# Complete Search

## Intelligence and the Future

Intelligence is partly about "thinking ahead"

A complicated problem is solved a piece at a time, or an action at a time. Steps interact

Looking ahead gets complicated fast

AI has spent a long time thinking about this problem, and has found some fairly fancy techniques

Ultimately P ≠ NP (probably), so must abstract or approximate

## Computers Search Good

A computer can construct future states from current states quickly and perfectly

Humans are bad at this; "easy" AI might want to leverage this

Problems like route-finding, scheduling, planning, puzzle-solving, games, robotics have gone there

Pattern-matching, machine learning, etc can be

*augmented*with search

## State Spaces

A

*state*is a situation. It is static in timeA

*state space*is a graph of situations.The

*neighbors*of a state*s*in a state space are the graph edges — states that can be reached from*s*by some atomic action

## Road Maps and State Spaces

In a fancy road map, the states are junctions on the map. The state space is literally the graph of roads and junctions

An AI could proceed heuristically toward the goal by always choosing the route that gets closer to it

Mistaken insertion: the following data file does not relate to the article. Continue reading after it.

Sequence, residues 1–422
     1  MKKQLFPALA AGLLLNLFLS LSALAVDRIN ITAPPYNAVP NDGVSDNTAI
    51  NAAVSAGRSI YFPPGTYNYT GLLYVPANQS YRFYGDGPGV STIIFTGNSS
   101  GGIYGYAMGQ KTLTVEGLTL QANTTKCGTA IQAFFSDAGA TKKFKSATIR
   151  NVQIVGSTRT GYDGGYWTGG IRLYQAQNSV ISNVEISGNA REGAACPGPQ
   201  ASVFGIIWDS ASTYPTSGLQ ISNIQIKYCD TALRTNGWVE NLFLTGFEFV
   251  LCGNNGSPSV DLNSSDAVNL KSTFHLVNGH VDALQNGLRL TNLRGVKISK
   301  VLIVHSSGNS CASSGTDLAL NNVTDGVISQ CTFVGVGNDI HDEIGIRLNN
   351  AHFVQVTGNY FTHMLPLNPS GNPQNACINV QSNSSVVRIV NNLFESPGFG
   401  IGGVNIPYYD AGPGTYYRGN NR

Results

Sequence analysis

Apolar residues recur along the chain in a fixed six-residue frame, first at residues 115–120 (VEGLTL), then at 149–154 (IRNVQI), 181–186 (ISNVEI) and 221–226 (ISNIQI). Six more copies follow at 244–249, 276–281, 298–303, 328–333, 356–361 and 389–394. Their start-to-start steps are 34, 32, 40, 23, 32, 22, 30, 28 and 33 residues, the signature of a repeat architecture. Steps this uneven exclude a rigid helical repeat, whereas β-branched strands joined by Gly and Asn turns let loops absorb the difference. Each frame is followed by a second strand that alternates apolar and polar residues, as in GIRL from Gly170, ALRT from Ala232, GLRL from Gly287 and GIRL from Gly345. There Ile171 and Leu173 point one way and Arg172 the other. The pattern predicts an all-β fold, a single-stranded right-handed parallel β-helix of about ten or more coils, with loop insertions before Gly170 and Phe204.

Dead-ends and side-trips are a big problem, though

## Search The Map

To find a short route, it's probably better to look at least a little ahead: traverse the graph a bit and see where you end up

Watch out for backtracking and loops: use a

*stop list*Ultimately, this is BFS / DFS / Dijkstra search

Problem is usually boring for modern computers

## Combinatorial State Spaces

Consider a sliding tile puzzle: what is the state space?

State is particular puzzle configuration

Neighbors are states reachable by moving one tile: each state has 2-4 neighbors (corner, edge, central)

For an

*n × n*puzzle, how many states?*n^2!*(Only half are reachable because parity.)How big is this graph?

`2 2.40e1 3 3.63e5 4 2.09e13 5 1.55e25 6 3.72e41 7 6.08e62`

Won't be examining them all (or half of them)

## Search Strategies

Keyed off some questions

How big is the space?

Need a best solution or just a good one?

Willing to use heuristics?

Need guarantees on solution (quality, existence)?

## Stupid Search

Let's build a sliding-tile puzzle solver the dumb way

We will walk the state space randomly until we run into the answer

http://github.com/pdx-cs-ai/slider

## Stop Lists

Let avoid revisiting old states

We will use a

*stop list*/*closed list*/*tabu list*of states we've already visitedActually sets, not lists, but hey

There will be a lot: memory is a problem